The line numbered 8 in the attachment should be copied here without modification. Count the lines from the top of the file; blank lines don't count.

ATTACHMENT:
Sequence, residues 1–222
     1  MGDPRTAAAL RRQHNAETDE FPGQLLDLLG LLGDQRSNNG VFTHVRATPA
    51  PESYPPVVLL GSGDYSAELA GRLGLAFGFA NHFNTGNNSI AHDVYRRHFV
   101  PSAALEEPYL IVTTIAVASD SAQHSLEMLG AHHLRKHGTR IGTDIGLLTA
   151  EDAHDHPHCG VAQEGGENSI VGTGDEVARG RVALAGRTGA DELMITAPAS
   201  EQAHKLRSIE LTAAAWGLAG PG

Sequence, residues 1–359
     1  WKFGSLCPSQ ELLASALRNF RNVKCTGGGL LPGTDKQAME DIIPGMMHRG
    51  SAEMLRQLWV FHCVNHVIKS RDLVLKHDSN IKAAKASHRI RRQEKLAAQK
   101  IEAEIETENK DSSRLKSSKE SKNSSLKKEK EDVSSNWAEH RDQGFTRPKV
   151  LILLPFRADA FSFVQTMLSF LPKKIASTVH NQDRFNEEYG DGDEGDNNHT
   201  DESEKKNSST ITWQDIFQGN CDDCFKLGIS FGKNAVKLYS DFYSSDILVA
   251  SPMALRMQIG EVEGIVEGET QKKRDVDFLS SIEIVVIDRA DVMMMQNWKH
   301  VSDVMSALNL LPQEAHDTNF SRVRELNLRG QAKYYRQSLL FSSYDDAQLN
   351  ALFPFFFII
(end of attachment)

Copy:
     1  WKFGSLCPSQ ELLASALRNF RNVKCTGGGL LPGTDKQAME DIIPGMMHRG